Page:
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Probationary Clause
Probationary Clause

The definition of "probationary clause".

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Written by goHeather
Updated over a week ago

Probation is a testing period for the employer to assess a new employee's suitability. It offers the employer an opportunity to determine if the employee will work in harmony with the organization if hired permanently. Suitability includes considerations of the probationary employee's character, ability to work with others, and ability to meet the employer's present and future standards.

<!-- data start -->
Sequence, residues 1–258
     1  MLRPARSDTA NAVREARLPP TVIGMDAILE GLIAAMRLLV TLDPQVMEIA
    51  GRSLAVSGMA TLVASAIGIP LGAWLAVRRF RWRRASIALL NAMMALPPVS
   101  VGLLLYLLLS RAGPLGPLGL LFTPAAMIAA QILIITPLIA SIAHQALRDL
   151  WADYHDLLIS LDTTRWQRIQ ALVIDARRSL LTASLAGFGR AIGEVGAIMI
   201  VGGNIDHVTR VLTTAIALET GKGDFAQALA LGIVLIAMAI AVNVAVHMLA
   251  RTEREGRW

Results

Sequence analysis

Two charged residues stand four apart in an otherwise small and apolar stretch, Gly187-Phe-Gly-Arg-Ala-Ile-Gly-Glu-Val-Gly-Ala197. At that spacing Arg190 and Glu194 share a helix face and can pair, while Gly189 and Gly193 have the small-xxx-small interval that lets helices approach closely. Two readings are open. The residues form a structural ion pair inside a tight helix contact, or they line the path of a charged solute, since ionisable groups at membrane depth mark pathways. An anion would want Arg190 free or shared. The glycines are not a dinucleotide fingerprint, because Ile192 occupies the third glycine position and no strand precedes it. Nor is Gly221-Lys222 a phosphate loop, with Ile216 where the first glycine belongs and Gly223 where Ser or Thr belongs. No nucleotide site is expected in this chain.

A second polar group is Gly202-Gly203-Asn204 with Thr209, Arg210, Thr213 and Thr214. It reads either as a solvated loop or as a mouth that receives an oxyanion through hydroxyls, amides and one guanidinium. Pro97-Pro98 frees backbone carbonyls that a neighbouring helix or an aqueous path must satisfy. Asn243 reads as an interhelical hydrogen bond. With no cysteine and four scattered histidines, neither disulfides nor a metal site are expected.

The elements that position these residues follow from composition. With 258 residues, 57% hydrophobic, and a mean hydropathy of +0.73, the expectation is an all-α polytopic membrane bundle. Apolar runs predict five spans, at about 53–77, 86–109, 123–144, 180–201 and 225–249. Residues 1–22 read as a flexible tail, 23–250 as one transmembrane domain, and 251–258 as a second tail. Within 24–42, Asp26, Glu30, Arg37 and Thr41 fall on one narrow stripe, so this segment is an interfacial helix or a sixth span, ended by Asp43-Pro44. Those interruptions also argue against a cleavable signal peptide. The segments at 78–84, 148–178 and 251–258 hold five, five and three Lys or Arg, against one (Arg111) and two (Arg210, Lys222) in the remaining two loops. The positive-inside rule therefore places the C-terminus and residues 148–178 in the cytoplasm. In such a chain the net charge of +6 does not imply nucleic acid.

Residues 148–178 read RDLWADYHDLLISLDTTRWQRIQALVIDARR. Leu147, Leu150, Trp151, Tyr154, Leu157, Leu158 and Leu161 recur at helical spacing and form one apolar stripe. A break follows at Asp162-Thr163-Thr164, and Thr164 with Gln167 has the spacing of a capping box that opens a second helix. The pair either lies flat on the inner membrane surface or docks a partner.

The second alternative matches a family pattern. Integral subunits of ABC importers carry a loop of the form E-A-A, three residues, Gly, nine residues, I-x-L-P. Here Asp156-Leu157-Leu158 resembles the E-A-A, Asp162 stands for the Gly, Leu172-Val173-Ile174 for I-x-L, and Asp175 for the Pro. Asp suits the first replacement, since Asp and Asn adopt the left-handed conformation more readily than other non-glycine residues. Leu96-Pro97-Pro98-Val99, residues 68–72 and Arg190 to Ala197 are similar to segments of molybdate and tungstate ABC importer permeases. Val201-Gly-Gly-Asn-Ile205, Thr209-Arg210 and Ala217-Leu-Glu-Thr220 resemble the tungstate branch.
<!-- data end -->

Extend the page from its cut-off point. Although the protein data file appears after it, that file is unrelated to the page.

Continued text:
Probationary status enables an employee to be terminated without notice during the probationary period if the employer makes a good faith determination that the employee is unsuitable for permanent employment, provided the probationary employee was given a fair and reasonable opportunity to demonstrate their suitability.

Probationary status is generally not implied in a contract of employment. Therefore, generally, a probationary clause must be explicitly inserted into the contract of employment for probationary status to apply to an employee.

A probationary clause must not, however, last for any amount of time longer than the local employment standards' minimum seniority threshold for providing notice to a dismissed employee. For example, if local employment standards law states that all employees with three months or more service must receive notice of termination, then the probationary clause in that jurisdiction must not extend beyond three months.

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